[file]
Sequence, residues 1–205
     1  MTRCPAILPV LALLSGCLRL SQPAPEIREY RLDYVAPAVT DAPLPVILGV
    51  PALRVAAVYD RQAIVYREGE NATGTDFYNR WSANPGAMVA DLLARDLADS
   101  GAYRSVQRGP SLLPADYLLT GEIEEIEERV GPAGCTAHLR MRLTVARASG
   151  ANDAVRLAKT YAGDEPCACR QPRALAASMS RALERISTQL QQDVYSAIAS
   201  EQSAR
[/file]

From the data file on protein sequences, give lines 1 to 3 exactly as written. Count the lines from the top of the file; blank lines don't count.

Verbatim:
Sequence, residues 1–205
     1  MTRCPAILPV LALLSGCLRL SQPAPEIREY RLDYVAPAVT DAPLPVILGV
    51  PALRVAAVYD RQAIVYREGE NATGTDFYNR WSANPGAMVA DLLARDLADS